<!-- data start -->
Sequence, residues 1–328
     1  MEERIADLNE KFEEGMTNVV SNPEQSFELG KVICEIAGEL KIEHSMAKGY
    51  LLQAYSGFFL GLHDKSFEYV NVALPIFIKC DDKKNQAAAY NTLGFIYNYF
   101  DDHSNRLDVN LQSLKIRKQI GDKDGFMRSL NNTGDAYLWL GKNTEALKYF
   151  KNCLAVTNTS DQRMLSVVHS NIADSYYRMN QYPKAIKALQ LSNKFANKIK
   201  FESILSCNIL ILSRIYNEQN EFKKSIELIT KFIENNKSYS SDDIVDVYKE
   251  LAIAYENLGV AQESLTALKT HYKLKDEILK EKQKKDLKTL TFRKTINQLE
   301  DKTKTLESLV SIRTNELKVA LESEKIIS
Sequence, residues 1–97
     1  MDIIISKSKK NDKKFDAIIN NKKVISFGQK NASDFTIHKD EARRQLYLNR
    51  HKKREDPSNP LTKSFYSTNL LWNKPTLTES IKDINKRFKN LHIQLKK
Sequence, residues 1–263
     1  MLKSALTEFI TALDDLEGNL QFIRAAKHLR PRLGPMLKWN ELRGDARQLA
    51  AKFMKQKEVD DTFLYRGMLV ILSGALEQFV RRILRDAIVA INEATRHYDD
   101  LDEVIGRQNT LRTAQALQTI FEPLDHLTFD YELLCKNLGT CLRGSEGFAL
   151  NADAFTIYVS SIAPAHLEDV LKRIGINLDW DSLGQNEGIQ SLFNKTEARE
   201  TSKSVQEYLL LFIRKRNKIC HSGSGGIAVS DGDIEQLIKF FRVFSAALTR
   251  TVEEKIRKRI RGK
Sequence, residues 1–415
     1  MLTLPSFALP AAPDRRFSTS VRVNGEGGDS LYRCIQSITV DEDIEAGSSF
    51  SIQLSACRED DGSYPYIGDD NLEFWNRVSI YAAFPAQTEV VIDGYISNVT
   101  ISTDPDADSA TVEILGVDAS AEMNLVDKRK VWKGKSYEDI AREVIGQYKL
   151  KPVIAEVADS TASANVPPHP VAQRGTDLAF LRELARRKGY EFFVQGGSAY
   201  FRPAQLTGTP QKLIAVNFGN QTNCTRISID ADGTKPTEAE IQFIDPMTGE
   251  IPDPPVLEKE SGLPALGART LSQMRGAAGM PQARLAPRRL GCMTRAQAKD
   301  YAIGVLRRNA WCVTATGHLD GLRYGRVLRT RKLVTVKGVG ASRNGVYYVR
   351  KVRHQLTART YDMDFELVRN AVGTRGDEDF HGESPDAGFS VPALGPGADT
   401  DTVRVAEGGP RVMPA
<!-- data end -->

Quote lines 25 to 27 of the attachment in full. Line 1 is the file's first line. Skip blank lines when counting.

   251  IPDPPVLEKE SGLPALGART LSQMRGAAGM PQARLAPRRL GCMTRAQAKD
   301  YAIGVLRRNA WCVTATGHLD GLRYGRVLRT RKLVTVKGVG ASRNGVYYVR
   351  KVRHQLTART YDMDFELVRN AVGTRGDEDF HGESPDAGFS VPALGPGADT